Update (July 7, 10:39am): On Tuesday morning, less than two weeks following the publication of this article, Google announced it has chosen Austin, Texas “as a new testing location for our project, and one of our Lexus SUVs is there now, with safety drivers aboard, driving a few square miles north and northeast of downtown Austin.”

It should be noted that neither Google, nor any of the various city and state agencies contacted regarding this story (the City of Austin transportation department, the Texas Department of Public Safety, the Texas Department of Transportation and the Texas Department of Motor Vehicles) provided a response.

Original story continues below…

Update (June 26, 3:51pm): Samantha Alexander, the Public Information and Marketing Manager for the Austin Transportation Department, has reached out to us saying they are “waiting to get information back.”

A media contact at the Texas Department of Transportation has also stated they’re “still working on” it.

Google has still not responded to requests for comment, nor has the Texas Department of Public Safety, nor the Texas Department of Motor Vehicles.

Original story continues below…

A Google self-driving car has been spotted in Austin, Texas, prompting speculation as to whether the technology has been secretly approved for public testing by city or state lawmakers.

A video uploaded to the hip hop forum TheColi.com last week shows a Google self-driving vehicle parked in a vertical parking spot on Congress Avenue in south central Austin – less than two miles south of the state capitol.

A gyroscope spins atop the roof, as the man filming approaches the car, which has “Google” clearly emblazoned on both driver and passenger sides.

A photo posted to Reddit Austin a week later features the same Lexus RX 450h with identical California license plates traveling north on Guadalupe Street.


“I saw it on 45th,” a Redditor commented. “Had no idea what it was and neither of the two girls in it were helpful.”

Multiple others in the comments said they’d also seen the vehicle cruising around Austin.

The numerous sightings confirm the company is testing its self-driving cars on Texas public roads, absent of any laws prohibiting them from doing so.

In 2013, Google showcased the self-driving vehicle to Texas lawmakers by driving it from the company’s headquarters in Mountain View, California, to Austin, where the city’s mayor, police chief and various state administrators took turns taking autopilot joyrides.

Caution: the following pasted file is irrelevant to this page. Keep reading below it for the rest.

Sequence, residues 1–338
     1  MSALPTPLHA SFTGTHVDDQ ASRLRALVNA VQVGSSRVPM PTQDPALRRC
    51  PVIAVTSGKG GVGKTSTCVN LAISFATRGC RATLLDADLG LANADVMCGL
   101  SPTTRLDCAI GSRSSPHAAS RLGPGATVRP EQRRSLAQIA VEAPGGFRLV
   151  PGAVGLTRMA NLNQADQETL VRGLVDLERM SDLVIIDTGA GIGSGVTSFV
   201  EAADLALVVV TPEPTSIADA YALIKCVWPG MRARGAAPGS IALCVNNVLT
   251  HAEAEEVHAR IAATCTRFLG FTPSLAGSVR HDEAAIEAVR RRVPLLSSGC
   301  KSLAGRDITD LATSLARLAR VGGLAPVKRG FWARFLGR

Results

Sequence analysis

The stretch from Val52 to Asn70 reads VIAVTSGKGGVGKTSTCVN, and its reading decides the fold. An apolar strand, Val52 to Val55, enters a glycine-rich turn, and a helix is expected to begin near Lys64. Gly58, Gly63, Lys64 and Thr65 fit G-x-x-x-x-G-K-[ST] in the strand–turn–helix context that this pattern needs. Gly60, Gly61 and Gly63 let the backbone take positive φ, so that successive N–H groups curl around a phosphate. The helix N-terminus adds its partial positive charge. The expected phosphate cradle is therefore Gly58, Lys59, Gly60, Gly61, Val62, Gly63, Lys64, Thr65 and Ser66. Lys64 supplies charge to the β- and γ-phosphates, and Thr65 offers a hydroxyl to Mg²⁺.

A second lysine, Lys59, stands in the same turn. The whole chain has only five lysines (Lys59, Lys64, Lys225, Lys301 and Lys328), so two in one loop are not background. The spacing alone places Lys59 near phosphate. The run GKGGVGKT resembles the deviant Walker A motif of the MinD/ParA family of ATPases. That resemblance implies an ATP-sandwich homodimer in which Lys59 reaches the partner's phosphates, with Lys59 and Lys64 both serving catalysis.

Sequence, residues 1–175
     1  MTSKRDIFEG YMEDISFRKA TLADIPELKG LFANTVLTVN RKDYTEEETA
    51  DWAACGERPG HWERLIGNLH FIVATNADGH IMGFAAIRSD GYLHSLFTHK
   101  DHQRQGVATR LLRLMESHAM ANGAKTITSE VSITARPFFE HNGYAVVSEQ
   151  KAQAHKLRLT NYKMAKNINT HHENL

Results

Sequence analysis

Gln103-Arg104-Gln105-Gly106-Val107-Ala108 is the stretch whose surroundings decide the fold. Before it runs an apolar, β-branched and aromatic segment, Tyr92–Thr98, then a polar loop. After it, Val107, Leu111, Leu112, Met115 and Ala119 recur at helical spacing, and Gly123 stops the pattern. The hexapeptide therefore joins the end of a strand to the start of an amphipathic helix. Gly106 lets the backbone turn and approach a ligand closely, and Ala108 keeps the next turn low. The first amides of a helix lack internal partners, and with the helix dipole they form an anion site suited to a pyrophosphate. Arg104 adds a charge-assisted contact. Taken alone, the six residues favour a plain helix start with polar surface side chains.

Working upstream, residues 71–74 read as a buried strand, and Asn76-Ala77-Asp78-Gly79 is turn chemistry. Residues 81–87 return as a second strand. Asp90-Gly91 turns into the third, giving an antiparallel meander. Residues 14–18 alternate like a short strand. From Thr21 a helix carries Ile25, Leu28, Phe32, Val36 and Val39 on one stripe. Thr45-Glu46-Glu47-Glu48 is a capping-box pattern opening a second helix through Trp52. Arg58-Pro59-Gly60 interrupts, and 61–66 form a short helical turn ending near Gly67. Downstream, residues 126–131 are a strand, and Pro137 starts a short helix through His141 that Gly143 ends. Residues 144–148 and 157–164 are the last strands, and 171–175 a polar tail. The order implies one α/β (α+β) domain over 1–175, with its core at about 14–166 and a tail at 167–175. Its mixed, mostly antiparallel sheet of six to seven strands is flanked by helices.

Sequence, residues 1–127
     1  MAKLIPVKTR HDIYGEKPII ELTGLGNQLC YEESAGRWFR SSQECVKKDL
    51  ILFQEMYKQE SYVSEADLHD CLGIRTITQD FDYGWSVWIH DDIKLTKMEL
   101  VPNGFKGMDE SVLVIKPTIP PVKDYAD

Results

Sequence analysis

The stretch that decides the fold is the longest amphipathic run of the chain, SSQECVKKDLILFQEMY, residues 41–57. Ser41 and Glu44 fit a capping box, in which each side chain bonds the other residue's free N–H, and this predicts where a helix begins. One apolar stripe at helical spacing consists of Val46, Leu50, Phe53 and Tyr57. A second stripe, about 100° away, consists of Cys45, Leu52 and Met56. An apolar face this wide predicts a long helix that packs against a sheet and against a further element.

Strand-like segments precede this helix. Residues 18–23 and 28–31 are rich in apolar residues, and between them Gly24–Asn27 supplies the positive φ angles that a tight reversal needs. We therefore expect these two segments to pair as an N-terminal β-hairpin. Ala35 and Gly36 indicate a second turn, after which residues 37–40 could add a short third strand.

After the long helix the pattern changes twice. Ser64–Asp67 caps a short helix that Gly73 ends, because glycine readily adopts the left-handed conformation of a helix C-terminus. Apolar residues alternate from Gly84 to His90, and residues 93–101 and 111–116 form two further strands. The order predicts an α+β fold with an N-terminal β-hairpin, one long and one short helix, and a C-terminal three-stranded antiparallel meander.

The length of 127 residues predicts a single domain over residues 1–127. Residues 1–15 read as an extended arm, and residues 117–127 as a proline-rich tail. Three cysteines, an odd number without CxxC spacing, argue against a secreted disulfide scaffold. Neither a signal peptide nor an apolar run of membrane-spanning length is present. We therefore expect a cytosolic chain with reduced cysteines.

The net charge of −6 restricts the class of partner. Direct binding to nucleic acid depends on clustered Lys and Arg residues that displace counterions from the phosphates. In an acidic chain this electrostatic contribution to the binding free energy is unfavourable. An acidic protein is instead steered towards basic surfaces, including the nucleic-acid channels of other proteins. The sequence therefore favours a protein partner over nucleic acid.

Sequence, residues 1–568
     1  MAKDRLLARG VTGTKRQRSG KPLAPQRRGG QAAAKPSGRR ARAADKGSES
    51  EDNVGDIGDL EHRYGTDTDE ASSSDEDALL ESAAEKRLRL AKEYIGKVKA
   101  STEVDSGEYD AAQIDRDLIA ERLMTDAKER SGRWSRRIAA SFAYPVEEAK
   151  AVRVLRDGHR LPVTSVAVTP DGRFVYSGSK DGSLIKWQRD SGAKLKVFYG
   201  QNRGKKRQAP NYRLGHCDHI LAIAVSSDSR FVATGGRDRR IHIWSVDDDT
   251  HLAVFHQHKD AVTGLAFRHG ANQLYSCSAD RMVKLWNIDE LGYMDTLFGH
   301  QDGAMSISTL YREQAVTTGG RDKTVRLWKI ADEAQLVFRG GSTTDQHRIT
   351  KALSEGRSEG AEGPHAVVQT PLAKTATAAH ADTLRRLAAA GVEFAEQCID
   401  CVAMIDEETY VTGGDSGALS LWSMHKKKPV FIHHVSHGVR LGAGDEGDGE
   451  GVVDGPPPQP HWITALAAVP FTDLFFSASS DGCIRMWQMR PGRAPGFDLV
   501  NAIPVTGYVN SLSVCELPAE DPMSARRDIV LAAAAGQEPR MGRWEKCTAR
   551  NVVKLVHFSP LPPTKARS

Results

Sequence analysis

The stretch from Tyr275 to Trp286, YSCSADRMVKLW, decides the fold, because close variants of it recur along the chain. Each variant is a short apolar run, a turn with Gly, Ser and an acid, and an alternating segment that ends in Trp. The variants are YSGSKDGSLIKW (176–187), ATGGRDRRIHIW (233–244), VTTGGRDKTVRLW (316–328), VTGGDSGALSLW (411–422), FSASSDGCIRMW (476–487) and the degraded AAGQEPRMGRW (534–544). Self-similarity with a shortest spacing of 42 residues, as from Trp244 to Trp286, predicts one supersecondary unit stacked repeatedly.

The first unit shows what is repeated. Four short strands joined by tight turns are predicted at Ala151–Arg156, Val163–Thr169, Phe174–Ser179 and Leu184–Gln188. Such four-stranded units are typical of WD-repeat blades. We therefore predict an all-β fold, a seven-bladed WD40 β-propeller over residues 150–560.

A spokesperson for the Austin transportation department at the time said the law is still “fuzzy” on self-driving cars, but that she didn’t think “there’s any issues… or a specific ordinance against” operating them.

As of yet, four states – California, Nevada, Michigan and Florida – have passed laws legalizing autonomous vehicles on public roads. Those states, along with Virginia and Washington DC, have given Google the OK to test self-driving vehicles on roadways.

To date, Texas lawmakers have not passed legislation addressing or permitting the operation of autonomous vehicles.

Google’s Chris Urmson, the director of the self-driving car program, revealed earlier this year the cars have been involved in 11 accidents since the company started testing them in 2009, but that number could be higher.

The AP reports California just last week reversed a policy that kept self-driving vehicle crashes from having to be disclosed to the public.

The problems with the technology are worsened by the notion that self-aware autos may one day decide to kill you, if it means saving others’ lives.

“What if, for instance, your driverless car decides that your life is expendable in order to save a school bus full of children?” asks Breitbart’s Warner Todd Huston.

“Are you comfortable with a soulless computer making a life or death decision when it is your life on the line? Should the computer in your driverless car be able to use a ‘utilitarian’ philosophy to save the lives of others even if yours is sacrificed to do so?”

At the time of publishing, Google did not respond to requests for comment by phone or email regarding the reported sightings.

Similarly, requests for comment from the City of Austin, the Texas Department of Public Safety, the Texas Department of Transportation and the Texas Department of Motor Vehicles went unanswered.

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